The options in the poll refer to people being chosen. At my church a notice went up asking people to volunteer to have their feet washed so nobody was ‘chosen’. It was an OF Mass and the people getting their feet washed were both male and female.

  12. fuquaysteve says:

    No foot washing on Holy Thursday but we had to take our shoes and socks off to venerate the Cross today.

  13. Wendy says:

    Novus Ordo, both men and women. Actually, no one was chosen; Father knelt by the bowl and waited for someone – anyone to come up. People eventually did.

  14. Atra Dicenda, Rubra Agenda says:

    37% of EF with women participants? Surely people misread the options?

  15. Pingback: #Christianity- POLLS: 2018 Holy Thursday Foot Washing – What happened where you are? – World Information Centre

  16. robert hightower says:

    It’s worth noting that a number of FSSP parishes, the one I know of for sure is Sacred Heart in Fort Wayne, Ind., received a three year ad experimentum permission from PCED to use the older rites for Holy Week beginning this year. The older rite for Holy Thursday includes the foot washing, but as a separate ceremony after Mass.

    The older rite also took place in the morning, but I had it explained to me that the timing of these services is a matter of church law and not of rubrics, therefore, the older rite Mass of the Lord’s Supper still is in the evening, but I wonder if it’s permissible to do the foot washing before Mass given the unforeseen changes?

  17. Toan says:

    Charismatic Catholic Mass (OF). Foot washing with males only.

  18. MGL says:

    Anglican Ordinariate. There is no foot-washing in Divine Worship, making for an appropriately subdued and reverent liturgy.

  19. maternalView says:

    When I was a kid in the 70’s our family quit going on Thursday precisely because of washing of women’s feet. Went back about 5 years ago to a church that only invites men.

  20. JSzczuka says:

    I voted on the EF by mistake, too. Then I voted correctly as well. Anyway, Our Novus Ordo masses are very tasteful, ad orientem only, male altar servers only, beautiful vestments and statuary, eucharistic prayer one, etc. But they did have 2 women out of 12 for foot washing this year. I think last year it was worse and they figured to reduce the women they would stick to altar servers, MC, sub deacon, etc. Another good thing is that the chairs are placed facing the altar, which makes it feel less like a show.

  21. Michael Haz says:

    TLM at an ICKSP oratory. No foot washing, no homily. The EF was following the 1955 Pius XII Reforms (if I’ve got the description correctly memorized). Simply beautiful Liturgy. Moving, sacred.

  22. Hb says:

    The pastor at my assignment washed the feet of men and women and of course, women outnumber the men same as the EMHCs.

    I refuse to offer the Holy Thursday Mass in every assignment because I refuse to wash women’s feet, which most modernist pastors simply cannot abide. If I had my druthers, it’s be the TLM 100% of the time. Although when doing Holy Week, we moved more towards pre-1962.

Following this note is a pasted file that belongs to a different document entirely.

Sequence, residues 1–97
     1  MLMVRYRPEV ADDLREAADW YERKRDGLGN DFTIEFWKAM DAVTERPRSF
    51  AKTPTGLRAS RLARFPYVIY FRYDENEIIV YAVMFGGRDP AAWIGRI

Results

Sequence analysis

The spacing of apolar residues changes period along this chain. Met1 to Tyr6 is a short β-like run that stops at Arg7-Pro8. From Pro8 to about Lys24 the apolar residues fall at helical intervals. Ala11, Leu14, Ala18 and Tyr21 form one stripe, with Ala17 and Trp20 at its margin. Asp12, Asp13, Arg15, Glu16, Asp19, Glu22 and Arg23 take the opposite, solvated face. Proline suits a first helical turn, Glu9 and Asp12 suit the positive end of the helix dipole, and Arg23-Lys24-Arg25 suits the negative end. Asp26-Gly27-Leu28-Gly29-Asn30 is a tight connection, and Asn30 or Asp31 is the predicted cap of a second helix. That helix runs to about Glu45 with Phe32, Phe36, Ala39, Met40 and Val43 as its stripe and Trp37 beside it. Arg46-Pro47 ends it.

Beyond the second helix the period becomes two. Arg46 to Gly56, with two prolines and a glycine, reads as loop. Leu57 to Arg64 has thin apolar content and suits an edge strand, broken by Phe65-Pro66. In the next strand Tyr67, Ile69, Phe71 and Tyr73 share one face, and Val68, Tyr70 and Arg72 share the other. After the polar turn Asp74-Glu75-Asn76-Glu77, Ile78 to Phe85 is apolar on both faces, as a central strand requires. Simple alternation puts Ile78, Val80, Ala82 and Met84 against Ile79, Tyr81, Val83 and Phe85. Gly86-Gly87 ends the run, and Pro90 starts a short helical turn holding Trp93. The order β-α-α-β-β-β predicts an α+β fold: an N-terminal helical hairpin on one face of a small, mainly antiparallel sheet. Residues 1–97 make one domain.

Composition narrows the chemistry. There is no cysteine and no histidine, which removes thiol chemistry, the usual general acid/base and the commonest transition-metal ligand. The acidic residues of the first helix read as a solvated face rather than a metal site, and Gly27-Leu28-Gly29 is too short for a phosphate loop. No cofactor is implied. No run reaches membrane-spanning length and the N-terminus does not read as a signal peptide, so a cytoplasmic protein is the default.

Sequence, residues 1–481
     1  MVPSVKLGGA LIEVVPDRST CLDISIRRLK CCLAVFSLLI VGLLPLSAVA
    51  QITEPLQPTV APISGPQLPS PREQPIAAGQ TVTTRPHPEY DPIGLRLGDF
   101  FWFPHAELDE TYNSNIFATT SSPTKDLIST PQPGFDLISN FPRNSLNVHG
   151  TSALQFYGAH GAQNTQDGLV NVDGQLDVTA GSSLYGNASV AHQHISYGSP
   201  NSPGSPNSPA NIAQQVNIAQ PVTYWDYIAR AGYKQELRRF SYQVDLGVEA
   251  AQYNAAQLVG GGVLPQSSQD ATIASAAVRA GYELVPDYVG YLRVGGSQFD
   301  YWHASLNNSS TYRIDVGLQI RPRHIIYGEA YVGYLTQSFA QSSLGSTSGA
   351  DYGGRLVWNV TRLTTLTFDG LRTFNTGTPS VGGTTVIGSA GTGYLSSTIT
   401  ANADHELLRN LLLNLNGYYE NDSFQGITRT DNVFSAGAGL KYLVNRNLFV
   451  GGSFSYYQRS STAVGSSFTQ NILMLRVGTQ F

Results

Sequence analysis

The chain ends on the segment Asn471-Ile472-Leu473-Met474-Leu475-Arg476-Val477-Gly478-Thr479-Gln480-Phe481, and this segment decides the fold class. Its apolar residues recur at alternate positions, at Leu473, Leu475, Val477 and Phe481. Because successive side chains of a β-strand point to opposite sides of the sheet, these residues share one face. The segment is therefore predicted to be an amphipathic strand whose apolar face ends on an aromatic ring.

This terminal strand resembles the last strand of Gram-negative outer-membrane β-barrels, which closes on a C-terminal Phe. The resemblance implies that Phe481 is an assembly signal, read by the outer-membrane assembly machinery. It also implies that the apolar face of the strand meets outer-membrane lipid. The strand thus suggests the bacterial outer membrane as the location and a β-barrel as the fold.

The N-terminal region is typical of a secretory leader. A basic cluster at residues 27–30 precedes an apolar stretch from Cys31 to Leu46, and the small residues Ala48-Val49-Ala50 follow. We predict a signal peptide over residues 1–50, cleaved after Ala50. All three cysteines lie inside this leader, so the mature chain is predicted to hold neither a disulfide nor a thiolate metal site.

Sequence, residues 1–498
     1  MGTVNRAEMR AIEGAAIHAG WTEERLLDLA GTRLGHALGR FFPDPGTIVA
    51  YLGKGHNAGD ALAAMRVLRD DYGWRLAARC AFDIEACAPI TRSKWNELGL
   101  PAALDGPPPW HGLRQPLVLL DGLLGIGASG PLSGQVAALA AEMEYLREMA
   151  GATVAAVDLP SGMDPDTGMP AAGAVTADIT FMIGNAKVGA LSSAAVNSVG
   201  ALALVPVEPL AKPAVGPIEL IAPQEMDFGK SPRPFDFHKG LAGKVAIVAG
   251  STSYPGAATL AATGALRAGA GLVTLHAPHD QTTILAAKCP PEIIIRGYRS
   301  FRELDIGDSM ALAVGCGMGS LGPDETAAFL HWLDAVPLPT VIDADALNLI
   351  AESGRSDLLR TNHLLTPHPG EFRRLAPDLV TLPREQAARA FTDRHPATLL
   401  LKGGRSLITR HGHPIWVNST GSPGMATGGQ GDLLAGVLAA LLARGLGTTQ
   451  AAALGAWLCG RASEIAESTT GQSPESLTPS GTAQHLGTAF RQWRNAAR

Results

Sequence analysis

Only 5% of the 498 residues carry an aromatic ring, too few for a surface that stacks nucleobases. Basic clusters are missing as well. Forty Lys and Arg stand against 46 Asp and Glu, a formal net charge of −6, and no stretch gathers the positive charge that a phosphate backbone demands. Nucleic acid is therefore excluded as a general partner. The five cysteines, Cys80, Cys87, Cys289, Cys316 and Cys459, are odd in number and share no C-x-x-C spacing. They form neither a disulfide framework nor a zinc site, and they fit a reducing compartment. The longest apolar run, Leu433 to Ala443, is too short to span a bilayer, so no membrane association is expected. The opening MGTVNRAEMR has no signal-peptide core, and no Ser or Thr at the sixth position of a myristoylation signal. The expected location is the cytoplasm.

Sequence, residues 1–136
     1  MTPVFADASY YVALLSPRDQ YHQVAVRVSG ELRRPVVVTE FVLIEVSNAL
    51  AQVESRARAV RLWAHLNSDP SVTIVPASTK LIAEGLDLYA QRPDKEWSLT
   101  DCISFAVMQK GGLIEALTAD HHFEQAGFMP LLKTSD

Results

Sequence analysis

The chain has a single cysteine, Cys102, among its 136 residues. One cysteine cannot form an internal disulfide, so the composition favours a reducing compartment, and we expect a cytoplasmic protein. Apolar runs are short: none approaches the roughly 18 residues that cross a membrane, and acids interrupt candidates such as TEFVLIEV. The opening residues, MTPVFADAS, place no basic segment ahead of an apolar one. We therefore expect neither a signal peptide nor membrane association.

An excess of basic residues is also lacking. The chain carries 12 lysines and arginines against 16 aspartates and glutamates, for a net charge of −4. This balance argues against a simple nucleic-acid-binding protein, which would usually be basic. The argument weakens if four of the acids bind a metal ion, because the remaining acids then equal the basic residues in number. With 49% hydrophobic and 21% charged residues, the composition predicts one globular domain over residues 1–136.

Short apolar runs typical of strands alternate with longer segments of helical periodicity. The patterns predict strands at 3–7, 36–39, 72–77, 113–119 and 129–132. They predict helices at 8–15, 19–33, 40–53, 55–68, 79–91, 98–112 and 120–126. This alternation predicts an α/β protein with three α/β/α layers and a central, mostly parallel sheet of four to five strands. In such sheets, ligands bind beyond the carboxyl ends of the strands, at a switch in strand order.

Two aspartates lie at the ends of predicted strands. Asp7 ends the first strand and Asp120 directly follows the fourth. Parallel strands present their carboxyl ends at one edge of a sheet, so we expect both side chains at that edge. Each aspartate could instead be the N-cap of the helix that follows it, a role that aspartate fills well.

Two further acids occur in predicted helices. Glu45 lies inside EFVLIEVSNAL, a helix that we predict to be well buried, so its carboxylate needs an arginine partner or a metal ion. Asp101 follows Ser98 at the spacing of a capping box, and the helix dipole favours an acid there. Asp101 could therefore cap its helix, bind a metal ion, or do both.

In one assignment as a seminarian, those who had their feet washed (men and women before it was permitted of course) went to stations with finger bowls where everyone came up like at Holy Communion and had their fingers washed as a “ritual action.”

    My fellow seminarian’s parish ( a friend) had those who had their feet washed to go to “foot washing stations” where they washed the feet of the rest of the congregants.

    The insanity continues….

  23. Nan says:

    Byzantine Rite. No footwashing.

  24. Suburbanbanshee says:

    Father said that the only reason someone would be shy about having their feet washed, was secretly harboring hatred and disdain for other people’s feet. He said that it would be mandatory washing and being washed for everyone, if he had his druthers, and that pantyhose was no excuse. (I don’t think he understands the implications of the term ‘pantyhose’, as he had no sisters growing up.) Basically a lot of passive-aggressive ranting from a priest who is usually better than that. I just closed my eyes and thought about Moses and Aaron, and was glad to ignore the silliness while keeping in my seat and my socks.

    You notice that there is not much pastoral humility, though, whenever it turns into “You people in the pews are not humble, and you need to do this.” No giving socks and shoes, and money and a banquet, to the poor, either.

  25. bwfackler says:

    Byzantine Rite. Bishop washed the feet of 12 priests after liturgy

  26. jaykay says:

    NO Mass where, as for the past 20 years I’ve been attending, they ask people before Mass begins and then at the appropriate time the Priest accompanied by a server goes down the aisles (there are transepts) performing the washing – men and women. Obviously, these are seated at the end of the bench, at the aisle!

    Otherwise, it’s very reverent, with an excellent choir: Missa de Angelis, Duruflé “Ubi caritas” at footwashing, Byrd “Ave verum” and another polyphonic piece at Communion, and plainchant “Pangue lingua” at procession to Altar of Repose.

  27. Amerikaner says:

    Lincoln, NE. Men & women chosen (6 each).

  28. Tom says:

    We had Divine Worship Mass with footwashing of the all-male altar servers.

  29. frjim4321 says:

    We had nine “washees.”

    Various sexes, ages.

    Part of the homily referred to Mary of Bethany’s anoint of Jesus with costly spikenard (see the homily post. After washing their feet, I anointed their feet with balsam paste.

  30. exNOAAman says:

    Suburban, I first thought your post was a sarcastic gag line, until I got to the pantyhose part. What’s worse? Having my wife forced to strip off her pantyhose in public, or getting her feet washed by a strange dude?
    With our latest STAND training (as it’s known in Baltimore) I’m not supposed to even offer a ride home to an unaccompanied minor. But washing a female’s naked body part? No problem. (OK, I made that sound a lot worse than it is.)
    Good posts Suburban, and everyone.

  31. WVC says:

    The fact that there was ANY female foot washing at an Extraordinary Form Mass is distressing. This is NOT the type of “mutual enrichment” that should be going on. That enrichment should be a one way street, from the Traditional Mass to the Novus Ordo. Someone needs to rig up a check valve to prevent female foot washing and other such nonsense from happening in the Extraordinary Form! Next thing you know we’ll have EF Masses with hand holding during the Our Father!